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Published by glennpease





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Published by: glennpease on Apr 09, 2013
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THE USE OF PAIBY THE AUTHOR OF"PRO CHRISTO ET ECCLESIA"The grave difficulties attending any attempt toreconcile belief in God's universal providence withthe almost universal existence of sin which webelieve he must abhor, remain unsolved; mean-while it does not make the problem of evil simplerto represent God, while hating sin, as actuallyvisiting pain and grief upon sentient creatures.It would seem more reasonable to think of a goodGod as abhorring suffering in men as he abhorssin, and actually working with man always for joyas he does for righteousness.It is clearly necessary for the religious man toregard a personal God in two aspects — as takingthe responsibility of omnipotence for everythingthat takes place, and as, at the same time, exercis-ing a preference and governing all things for theadvantage of what he prefers. For example, themonotheist must regard sin as within God's willfor the world; and if he be also a moralist he mustalso believe that God prefers righteousness, andordains all things for the advantage of his prefer-ence.108chap, in THE USE OF PAI 109In other words, there is an aspect in which wemust believe, if we believe in an almighty God,that he is responsible for every sin and folly increation; that, having an end in view which isworth the price to be paid in sin and folly, he hascounted the cost and pays the price. In that samesense pain and misery must, of course, be laiddirectly at God's door. A father sending his soninto the school playground knows that many a cutand bruise will befall him — a broken bone, perhaps,
or an infectious disease. The end in view is worththe risk. But it would involve a very differentkind of father to give the child intentionally a cutor bruise, or break one of his bones, or infect himwith a disease, and very much the kind of fatherwho would lead his son into vice. Looking back,we find that it is a mere matter of history that thenations who have affirmed God's willingness torisk sin and denied his more direct will to bring itabout, have progressed, and the nations that havenot made that distinction have passed away or areawaiting some new impulse of life. It behooves us,then, to consider whether further progress doesnot depend upon recognising God as the authoronly of delight as he is the author only of righteous-ness. Familiarity has led the modern religiousmind to assume an extraordinary discrepancy inGod's ways, to suppose that, while sin in man isnot of God but purely evil, pain, though theconsequence of sin, is God's will, and thereforepurely good. The belief that God can suffer butcannot sin is not enough to justify this. 11 See Appendix A.no THE FATHER'S HOUSEWe are faced with the need for a new move-ment forward : the temporary resting-place whichthe religious mind gained by shutting off moralevil only as contrary to the will of God is ours nolonger; moral and physical evil merge indis-tinguishably into one another, and contradictionmust enter into our conception of God's characteras long as the religious mind makes him directlyresponsible for the latter and not for the former.In the sense in which God is responsible for moralevil he is responsible for physical evil, and surelyin no other sense.There are pressing reasons for rejecting theidea that salvation comes by pain. We have seenthat the average Jew had learned to think, beforeJesus came, that God could do no wrong. Sadlyenough, the definiteness with which he believed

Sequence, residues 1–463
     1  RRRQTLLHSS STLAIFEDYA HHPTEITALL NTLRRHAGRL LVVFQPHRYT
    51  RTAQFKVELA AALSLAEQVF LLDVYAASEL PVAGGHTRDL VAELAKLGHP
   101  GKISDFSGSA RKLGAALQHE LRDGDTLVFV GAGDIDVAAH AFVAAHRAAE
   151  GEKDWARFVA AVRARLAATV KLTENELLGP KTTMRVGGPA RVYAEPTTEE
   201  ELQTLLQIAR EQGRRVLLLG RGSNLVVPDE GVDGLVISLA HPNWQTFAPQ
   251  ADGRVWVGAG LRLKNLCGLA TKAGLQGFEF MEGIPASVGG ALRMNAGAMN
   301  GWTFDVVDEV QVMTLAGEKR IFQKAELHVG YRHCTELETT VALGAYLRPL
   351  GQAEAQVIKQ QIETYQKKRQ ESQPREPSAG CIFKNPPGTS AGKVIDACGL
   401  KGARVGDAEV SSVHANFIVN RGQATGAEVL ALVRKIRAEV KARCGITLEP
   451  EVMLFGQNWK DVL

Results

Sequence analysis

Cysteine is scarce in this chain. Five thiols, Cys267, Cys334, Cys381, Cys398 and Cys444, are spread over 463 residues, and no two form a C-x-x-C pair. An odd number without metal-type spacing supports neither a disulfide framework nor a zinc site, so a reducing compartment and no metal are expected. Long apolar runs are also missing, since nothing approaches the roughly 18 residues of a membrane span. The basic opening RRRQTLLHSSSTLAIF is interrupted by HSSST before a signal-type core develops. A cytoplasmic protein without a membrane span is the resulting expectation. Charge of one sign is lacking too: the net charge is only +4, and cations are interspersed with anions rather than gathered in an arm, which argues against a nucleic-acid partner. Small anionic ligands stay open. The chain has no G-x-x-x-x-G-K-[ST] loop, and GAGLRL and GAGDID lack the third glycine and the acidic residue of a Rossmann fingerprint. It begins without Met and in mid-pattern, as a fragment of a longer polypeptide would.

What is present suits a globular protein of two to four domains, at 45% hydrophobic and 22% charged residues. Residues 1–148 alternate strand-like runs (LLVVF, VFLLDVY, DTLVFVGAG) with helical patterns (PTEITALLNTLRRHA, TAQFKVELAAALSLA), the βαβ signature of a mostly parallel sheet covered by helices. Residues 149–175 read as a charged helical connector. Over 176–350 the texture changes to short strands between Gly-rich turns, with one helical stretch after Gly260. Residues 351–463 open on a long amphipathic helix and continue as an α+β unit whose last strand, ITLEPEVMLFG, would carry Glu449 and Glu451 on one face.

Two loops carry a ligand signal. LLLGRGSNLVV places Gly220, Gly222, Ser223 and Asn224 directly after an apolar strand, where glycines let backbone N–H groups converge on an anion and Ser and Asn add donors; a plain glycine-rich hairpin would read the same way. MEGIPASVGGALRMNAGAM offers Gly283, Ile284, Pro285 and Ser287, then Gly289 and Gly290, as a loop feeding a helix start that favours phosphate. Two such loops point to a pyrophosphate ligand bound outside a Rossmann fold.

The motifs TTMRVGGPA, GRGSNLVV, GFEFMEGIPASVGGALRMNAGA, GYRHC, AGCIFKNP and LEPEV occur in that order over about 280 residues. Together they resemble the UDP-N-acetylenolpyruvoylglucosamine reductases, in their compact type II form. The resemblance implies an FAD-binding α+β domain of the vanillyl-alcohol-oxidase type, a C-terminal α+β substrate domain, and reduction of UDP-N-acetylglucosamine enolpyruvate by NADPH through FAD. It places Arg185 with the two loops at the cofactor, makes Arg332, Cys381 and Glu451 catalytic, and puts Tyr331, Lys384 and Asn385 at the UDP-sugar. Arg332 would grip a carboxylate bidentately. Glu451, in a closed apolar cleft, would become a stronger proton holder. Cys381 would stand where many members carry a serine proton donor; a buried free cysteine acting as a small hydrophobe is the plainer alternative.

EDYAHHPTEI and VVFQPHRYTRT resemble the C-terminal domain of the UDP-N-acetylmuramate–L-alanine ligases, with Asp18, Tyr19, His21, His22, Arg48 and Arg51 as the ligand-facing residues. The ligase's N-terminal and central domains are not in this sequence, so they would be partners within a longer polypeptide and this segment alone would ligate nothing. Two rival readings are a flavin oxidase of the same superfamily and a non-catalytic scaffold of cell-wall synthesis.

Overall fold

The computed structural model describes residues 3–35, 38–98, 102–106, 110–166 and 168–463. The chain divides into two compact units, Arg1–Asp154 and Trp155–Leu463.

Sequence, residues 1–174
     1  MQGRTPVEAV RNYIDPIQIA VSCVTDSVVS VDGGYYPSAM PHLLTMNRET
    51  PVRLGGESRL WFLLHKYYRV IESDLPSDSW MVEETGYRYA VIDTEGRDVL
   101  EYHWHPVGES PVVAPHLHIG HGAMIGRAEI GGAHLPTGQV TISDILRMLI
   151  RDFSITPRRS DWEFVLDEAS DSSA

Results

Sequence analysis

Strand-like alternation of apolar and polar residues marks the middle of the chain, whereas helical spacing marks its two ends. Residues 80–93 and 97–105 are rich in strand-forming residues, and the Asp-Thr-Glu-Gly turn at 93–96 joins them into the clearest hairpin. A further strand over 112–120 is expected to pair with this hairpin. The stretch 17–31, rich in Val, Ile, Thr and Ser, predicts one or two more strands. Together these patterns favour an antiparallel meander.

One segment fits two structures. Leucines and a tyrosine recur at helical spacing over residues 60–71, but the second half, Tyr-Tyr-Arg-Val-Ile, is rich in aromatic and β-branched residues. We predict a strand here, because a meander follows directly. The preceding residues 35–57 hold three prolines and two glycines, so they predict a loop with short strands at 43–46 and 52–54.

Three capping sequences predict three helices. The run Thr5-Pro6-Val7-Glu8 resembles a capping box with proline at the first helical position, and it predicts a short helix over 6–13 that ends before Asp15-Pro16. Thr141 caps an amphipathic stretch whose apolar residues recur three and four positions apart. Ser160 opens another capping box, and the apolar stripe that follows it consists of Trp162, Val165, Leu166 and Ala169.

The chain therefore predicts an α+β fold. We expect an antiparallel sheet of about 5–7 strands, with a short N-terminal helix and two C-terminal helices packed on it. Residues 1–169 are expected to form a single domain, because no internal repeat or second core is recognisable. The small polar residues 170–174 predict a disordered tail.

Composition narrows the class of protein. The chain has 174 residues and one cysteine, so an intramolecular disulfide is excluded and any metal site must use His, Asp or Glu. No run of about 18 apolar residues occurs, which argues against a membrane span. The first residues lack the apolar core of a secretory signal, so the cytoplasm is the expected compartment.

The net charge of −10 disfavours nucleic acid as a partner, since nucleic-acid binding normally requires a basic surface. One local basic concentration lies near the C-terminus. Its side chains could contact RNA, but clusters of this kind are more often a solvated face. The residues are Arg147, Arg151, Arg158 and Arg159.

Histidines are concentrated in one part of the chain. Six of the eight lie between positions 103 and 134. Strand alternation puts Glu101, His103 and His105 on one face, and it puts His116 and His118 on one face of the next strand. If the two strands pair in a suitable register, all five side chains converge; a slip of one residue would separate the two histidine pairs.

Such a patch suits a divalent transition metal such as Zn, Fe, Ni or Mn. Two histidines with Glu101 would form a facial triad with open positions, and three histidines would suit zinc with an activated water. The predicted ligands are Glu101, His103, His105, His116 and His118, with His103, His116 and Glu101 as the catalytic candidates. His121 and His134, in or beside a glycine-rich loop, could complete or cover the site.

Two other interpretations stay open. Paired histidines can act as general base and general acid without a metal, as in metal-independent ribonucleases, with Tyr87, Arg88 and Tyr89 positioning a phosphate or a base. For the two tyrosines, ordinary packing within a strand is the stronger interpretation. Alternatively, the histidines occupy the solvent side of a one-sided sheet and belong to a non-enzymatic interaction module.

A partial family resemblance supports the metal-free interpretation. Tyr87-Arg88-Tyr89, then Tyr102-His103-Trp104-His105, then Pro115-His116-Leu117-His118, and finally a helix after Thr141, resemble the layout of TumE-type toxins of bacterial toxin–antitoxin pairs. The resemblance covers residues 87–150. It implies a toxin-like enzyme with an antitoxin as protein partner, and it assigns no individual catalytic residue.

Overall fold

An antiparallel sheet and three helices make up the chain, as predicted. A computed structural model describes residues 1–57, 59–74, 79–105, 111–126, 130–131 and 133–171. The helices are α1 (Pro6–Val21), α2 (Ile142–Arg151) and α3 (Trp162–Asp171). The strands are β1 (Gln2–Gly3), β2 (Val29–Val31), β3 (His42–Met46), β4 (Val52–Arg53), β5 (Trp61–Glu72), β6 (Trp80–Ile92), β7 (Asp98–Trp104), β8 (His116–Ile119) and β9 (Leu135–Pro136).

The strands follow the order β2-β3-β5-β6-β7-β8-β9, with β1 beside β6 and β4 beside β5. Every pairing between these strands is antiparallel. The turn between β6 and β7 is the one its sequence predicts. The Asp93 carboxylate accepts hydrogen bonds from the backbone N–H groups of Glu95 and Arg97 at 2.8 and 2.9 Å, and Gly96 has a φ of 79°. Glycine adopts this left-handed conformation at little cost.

God to be always right depended upon his abilityto approve of the cruel judgments which his sacredbooks attributed to God. (This is seen in thevarying outlooks of the authors of the latest booksof the Old Testament and the Apocryphal andApocalyptic literature.) ow here we see thecausal connection between attributing to God theauthorship of man's afflictions and supposing thatcruelty is at times a virtue. Why should wereturn good for evil if God by direct intentionreturns evil for evil ? Why should we deal out tomen only generosity and gentleness if God wieldsthe rod even in training his most obedientchildren ? The theologian is apt to fancy that itis possible to say that such a line of conduct isright for God but not for us; but it is merechap, in THE USE OF PAI mmatter of history that the religious man can neverpractically say, "Vengeance is for God but not forme." Jesus knew what was in man far betterwhen he urged a life of perfect gentleness andunending generosity, by the argument that it wasGod's perfection to bless the evil as well as thegood, and by the example of his own miracles,which exemplified the doctrine. The effort tocopy God's perfection is of the essence of religion;this desire to copy God is therefore quite irre-sistible to the religious man. When he believesthat God wields the rod, he himself also wields it, — in religious controversy, in civic and nationalrelations; and in so doing he fights with theweapons of the enemy, and becomes a futile agent,like a mad soldier striking wildly, now at theenemy, now at his own leader.As men believe God to be, so they are. Aslong as the Hebrew believed in a national Godhis charity had national limits. It was not untilthe thinkers of the Roman hierarchy had arrivedat the idea that salvation could be had beyondtheir own communion that their finer charity wentout to men of other religions. As a matter of everyday fact, no good man who dwells upon

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